Six 6-grader schoolgirls from Kentucky dreamed about sending a payload into near-space, taking some measurements of earth from that point of view, snapping some high-resolution pictures, making videos of the earth and finally bringing back the payload safely to the ground. The project was named Project Terra Incognita, and up for funding in Kickstarter. Thanks to the backers, the girls have successfully finished the project, and surprisingly, these schoolgirls have brought back some amazing footage from 118,000 feet above the ground using only a camera and a homemade satellite.
Six 6-garders – Hope, Emma, Mini, Lexi, Maia and Anna – from Bowling Green, Kentucky humbly submitted their project Terra Incognita in kickstarter.com, last year. The team needed roughly $3,600 to purchase the necessary equipment and supplies; like cameras, SD cards, GPS tracker, SIM card, weather balloon, parachute etc to accomplish their project. Here is the detailed list of equipment the girls decided to use for the project.
- Sony Alpha NEX-5n, 16mm Wide Angle Lens, Time-lapse Triggers
- Two GoPro Hero2 Video Cameras and Extended Battery Pack
- Three 32 Gig SD Cards
- iTrack GPS Tracker, Service and Sim Card
- Spot Satellite GPS Messenger
- Weather Balloon, Payload Package, Rader Reflector, Rope, Parachute, Beacon light, Helium and Hand Warmer
- Other miscellaneous supplies
The objective of the project was as to -
- Place an object into the stratosphere (around 20 miles above the earth’s surface) via a weather balloon and return it safely back to earth without damaging any of the equipment from the fall or extreme temperatures and wind speed.
- Take both HD video and high-resolution still photographs of the curvature of the earth and black of space from near orbit.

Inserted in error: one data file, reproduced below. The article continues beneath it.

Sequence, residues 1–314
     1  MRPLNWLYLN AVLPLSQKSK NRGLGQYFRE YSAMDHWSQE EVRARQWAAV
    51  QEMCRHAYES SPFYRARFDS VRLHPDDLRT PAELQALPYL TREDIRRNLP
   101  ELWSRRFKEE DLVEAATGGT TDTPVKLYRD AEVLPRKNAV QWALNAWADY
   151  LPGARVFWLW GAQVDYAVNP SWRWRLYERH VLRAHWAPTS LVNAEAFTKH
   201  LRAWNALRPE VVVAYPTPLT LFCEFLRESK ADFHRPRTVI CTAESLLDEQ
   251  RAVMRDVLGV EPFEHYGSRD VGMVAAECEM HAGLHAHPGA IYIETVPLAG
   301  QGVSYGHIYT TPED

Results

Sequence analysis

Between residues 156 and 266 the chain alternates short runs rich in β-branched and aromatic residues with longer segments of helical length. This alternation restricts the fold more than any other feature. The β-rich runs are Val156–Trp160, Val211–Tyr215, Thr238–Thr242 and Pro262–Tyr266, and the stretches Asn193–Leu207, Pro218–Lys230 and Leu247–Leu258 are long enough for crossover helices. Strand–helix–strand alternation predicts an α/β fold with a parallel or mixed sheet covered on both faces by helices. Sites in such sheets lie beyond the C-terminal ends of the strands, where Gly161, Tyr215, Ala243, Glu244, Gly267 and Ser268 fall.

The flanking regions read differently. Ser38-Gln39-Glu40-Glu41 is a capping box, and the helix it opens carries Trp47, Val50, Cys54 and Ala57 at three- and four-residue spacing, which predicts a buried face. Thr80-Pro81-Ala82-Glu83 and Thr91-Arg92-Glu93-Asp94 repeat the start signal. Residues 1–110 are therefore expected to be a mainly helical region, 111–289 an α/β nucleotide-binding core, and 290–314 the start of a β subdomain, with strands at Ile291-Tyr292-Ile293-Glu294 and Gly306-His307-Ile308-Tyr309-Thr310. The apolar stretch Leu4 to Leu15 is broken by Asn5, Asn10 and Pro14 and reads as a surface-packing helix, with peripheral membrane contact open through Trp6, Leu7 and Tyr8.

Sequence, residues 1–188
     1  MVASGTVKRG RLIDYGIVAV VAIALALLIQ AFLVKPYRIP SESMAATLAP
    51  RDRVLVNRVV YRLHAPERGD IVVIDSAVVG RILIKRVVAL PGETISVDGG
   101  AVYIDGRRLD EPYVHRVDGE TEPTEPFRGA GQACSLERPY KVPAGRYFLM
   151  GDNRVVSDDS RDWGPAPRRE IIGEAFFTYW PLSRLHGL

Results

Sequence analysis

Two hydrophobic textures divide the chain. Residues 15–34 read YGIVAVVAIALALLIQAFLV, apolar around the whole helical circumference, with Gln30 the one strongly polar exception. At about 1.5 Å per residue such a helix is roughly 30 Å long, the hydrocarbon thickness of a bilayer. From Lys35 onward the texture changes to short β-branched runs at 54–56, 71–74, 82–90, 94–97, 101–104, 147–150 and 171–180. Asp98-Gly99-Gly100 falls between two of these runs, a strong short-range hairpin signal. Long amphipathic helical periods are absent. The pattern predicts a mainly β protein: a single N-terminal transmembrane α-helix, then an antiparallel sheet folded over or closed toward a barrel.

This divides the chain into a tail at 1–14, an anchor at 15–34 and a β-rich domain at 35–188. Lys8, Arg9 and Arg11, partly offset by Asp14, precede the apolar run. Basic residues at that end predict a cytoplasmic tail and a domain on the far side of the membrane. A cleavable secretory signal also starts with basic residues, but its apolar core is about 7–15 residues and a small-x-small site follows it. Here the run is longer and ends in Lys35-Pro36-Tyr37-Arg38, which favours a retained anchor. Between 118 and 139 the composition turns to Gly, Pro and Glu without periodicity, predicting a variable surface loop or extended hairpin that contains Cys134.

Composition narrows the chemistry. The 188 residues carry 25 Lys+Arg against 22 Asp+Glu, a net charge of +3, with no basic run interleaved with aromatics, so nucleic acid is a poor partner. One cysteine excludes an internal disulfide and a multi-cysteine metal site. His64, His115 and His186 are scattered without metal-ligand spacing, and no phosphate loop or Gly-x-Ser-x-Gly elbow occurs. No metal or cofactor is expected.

- Collect data measurements about the speed of ascent/descent and air temperature of near orbit.
- Exhibit the final photographic and video imagery of the teams work.
- Inspire others to challenge the idea that some things are impossible
Some people probably just wanted to give the kids an opportunity.And, 226 backers gave a total of $5,100 to the team.
On July 29, 2012 the girls launched their weather balloon in the sky at 11:45 central time. With the help of a homemade satellite and GPS tracker, the girls continuously tracked the balloon during its entire flight. The team measured that, the balloon reached 118,000 feet above the ground and then it burst. After the burst, the camera inside the balloon started to fall down with the help of a parachute.
The girls believed that the camera attached with the balloon was capturing HD video and high-resolution still photographs during the entire journey. But actually it was not. Only the video camera recorded video, but the high-resolution digital camera didn’t take any picture.
Actually, the team leader Anna Scifres made a simple mistake. Before launching the balloon in the air, she cleaned all the SD cards of all the cameras. She re-inserted all the SD cards into the all cameras except for one – the high-resolution digital camera. She had also checked the high-resolution digital camera before the balloon launched. As the camera made sound when the shutter of the camera was pressed, so Anna assumed that she had inserted the SD card inside the camera. In reality, it was empty. However, she shouldn’t be sad, because the other footage seems to be amazing.
The return flight of the payload also faced some hurdles. The parachute didn’t land on the exact location as the girls expected. But, the girls found the parachute as well as the camera, hanging on a tree, 20-30 feet above from the ground, after a search mission. They brought down the camera and ensured everything was fine. Anna shared some of the still pictures pulled from the HD video footage.
Anna’s father David Scifres helped a lot from beginning to the end of their project. He mentioned that he will be sending backers at kickstarter.com a survey in the next few days to get physical addresses and email addresses so that he as well as the girls can send the footage taken during the flight to those people who supported for their project. David also mentioned that as soon as he produces a video of the entire project, he’ll email everybody.
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